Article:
Episode-2073- Expert Council Q&A for 8-25-17 — 3 Comments

  1. Ketoacidosis is NOT the same thing as ketosis lypolysis (or benign dietary ketosis). There are multiple types of keto acids, and worrying about “being in ketosis” requires a bit of an understanding of the underlying organic chemistry. Long story short, benign dietary ketosis is NOT dangerous during pregnancy but ketoacidosis is ALWAYS dangerous.

    How do we know the difference? Simply put, worry if your test strips read ketones in the presence of extremely elevated blood sugars. If you’re keeping your carbs low and your blood sugar is controlled, then there’s no need to worry.

    The human body “goes into ketosis” all the time. How do you think we make glucose when we’re sick? And folks with extremely high metabolisms will often spill ketones in their urine first thing in the morning because they’ve gone 8-12 hours without eating.

    I used a low-carb eating plan to control my blood sugar, blood pressure, and weight gain with all my kids. It worked beautifully in all regards, and I have 3 incredibly intelligent kiddos. (The medical community likes to say you can’t be in ketosis while you’re pregnant becasue you’ll damage your baby’s brain. Well guess what? You can be “in ketosis” without even trying while you’re pregnant, so I don’t know how the community can make such claims.)

    Obviously, when pregnant, we have to do our own research and do what we think is right for us. For me, that meant keeping my carbs to around 50 g per day and that saved me from having 2 hospital births because of high blood pressure. To each his or her own though, for sure!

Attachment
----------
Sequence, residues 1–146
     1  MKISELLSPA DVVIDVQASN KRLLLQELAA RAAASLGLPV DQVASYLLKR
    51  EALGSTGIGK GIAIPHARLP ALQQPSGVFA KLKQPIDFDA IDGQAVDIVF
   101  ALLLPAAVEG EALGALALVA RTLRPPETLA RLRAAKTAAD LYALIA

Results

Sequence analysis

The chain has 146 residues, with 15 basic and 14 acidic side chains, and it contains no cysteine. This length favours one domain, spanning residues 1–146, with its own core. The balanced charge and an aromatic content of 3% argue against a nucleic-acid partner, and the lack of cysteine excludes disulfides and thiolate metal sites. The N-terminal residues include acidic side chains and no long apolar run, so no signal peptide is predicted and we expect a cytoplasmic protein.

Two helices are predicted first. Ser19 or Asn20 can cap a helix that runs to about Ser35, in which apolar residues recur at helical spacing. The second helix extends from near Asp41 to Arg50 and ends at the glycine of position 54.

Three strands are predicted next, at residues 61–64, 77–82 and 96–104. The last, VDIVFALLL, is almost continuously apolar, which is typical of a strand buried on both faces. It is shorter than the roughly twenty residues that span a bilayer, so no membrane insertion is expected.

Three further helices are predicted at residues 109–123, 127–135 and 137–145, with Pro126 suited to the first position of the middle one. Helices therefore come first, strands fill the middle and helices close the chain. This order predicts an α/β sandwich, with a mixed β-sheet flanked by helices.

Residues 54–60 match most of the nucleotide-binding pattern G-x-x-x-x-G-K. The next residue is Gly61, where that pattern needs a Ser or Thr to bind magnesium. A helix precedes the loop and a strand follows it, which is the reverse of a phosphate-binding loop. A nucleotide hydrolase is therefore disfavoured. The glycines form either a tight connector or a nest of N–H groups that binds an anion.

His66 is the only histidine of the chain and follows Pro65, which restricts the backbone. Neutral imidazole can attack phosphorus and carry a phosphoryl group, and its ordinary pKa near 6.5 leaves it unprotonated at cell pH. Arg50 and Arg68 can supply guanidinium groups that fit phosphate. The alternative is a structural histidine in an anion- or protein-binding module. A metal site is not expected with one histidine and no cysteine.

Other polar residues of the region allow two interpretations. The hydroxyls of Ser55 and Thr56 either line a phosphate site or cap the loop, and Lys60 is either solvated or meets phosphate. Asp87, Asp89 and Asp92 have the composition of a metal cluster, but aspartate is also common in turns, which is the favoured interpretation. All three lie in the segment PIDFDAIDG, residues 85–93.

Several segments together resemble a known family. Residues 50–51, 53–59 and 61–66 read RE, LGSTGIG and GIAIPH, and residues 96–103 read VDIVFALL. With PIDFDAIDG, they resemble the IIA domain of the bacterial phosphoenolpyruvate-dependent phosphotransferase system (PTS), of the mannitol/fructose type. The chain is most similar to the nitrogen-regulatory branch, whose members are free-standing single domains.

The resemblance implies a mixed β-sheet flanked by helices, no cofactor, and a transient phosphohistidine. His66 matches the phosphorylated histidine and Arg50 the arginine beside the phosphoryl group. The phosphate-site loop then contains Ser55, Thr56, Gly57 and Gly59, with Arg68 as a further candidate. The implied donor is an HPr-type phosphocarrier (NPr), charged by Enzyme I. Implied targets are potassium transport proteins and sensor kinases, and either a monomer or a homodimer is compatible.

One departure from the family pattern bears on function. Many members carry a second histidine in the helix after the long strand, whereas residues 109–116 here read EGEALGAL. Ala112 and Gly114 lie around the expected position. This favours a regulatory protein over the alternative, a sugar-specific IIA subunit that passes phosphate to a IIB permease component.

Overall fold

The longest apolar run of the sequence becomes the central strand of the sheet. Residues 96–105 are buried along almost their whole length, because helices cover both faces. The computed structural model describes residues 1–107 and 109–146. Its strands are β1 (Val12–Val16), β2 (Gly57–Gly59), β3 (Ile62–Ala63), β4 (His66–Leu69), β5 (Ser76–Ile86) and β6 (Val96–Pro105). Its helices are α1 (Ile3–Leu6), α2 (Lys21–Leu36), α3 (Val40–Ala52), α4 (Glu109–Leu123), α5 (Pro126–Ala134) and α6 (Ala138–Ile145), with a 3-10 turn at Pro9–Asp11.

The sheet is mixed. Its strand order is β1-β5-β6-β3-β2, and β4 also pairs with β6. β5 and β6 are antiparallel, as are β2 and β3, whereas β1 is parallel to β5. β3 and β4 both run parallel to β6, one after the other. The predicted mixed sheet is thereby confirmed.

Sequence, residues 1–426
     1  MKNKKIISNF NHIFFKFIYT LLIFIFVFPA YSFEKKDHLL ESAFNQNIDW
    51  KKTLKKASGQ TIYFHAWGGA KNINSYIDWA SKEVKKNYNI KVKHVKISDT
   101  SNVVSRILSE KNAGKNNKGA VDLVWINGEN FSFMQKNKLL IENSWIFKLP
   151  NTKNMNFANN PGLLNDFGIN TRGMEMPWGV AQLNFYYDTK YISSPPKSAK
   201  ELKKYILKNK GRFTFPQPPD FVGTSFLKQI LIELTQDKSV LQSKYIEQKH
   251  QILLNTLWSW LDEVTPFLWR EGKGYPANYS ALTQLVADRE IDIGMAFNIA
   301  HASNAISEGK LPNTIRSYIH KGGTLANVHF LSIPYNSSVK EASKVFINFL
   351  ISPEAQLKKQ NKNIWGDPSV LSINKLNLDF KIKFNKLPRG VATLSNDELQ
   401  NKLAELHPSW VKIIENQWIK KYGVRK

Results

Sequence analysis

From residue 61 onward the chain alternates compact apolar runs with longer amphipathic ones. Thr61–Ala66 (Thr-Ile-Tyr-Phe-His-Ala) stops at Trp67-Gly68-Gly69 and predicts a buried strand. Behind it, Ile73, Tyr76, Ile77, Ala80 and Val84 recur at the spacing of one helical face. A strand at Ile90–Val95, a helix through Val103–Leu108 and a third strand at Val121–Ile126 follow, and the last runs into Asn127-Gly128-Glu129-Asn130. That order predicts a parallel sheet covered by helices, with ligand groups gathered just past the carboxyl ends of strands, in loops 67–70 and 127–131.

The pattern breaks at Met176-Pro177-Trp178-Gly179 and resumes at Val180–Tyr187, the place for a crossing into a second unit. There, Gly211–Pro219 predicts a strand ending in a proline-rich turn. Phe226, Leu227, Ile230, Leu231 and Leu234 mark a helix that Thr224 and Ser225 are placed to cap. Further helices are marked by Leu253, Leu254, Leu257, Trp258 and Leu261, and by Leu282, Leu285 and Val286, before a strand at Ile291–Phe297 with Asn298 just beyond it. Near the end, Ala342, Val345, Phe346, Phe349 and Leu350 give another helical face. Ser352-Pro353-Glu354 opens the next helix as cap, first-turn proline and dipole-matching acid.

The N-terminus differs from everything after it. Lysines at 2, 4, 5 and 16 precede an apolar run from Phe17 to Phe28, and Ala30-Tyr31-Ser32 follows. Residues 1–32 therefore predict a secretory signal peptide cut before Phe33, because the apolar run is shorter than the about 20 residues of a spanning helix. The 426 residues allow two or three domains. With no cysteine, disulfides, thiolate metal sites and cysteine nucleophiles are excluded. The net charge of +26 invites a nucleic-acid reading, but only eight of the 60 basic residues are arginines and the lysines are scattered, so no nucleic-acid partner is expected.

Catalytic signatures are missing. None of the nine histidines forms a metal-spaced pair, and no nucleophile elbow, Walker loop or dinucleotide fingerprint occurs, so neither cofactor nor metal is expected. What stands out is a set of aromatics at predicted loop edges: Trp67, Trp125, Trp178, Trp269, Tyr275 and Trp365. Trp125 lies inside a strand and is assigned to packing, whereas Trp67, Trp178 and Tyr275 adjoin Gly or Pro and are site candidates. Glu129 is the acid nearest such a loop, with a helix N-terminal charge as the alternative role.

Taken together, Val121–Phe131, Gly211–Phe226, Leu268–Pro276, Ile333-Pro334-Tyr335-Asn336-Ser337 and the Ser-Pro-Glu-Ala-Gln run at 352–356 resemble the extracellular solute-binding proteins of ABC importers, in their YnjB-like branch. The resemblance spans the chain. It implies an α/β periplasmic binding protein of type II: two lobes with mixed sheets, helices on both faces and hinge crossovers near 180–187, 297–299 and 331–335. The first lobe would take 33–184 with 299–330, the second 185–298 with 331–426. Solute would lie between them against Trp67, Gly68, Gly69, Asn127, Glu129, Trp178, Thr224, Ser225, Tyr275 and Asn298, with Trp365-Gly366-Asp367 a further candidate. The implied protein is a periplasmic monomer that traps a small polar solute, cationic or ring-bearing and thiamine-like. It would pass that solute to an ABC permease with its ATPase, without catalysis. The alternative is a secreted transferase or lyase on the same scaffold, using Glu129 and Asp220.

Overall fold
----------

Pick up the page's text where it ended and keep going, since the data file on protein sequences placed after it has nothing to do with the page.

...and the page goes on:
Oh yeah, and standard disclaimers apply. I’m not a doctor, yadda, yadda, yadda. 🙂

  2. We do know what causes blood sugar spikes & insulin resistance in general:
    fwp_search=insulin+resistance&fwp_content_type=video (a list of relevant videos)

    No a high carb diet will not cause insulin resistance even with a weight neutral diet:

    And specifically in pregnancy we know some reasons for insulin resistance: (go to Pathophysiology)
    If you have gestational diabetes you are at risk for developing Type 2 diabetes ( go to Prognosis) so it’s time to start correcting the problem

    What should you do?
    Discuss with your health care provider, which you already did if you have a diagnosis, but also anything that you might be considering based upon this post: Inositol(a non-sugar carbohydrate) and alpha lipoic acid have been shown to improve insulin resistance

    Eating low carb will keep your blood sugars low, but will not correct the underlying insulin resistance, and I have presented other strategies above to help with the blood sugar levels.

  3. Where do I find the show notes for the items Tim was talking about? I’m new to looking for this information and can’t seem to find it.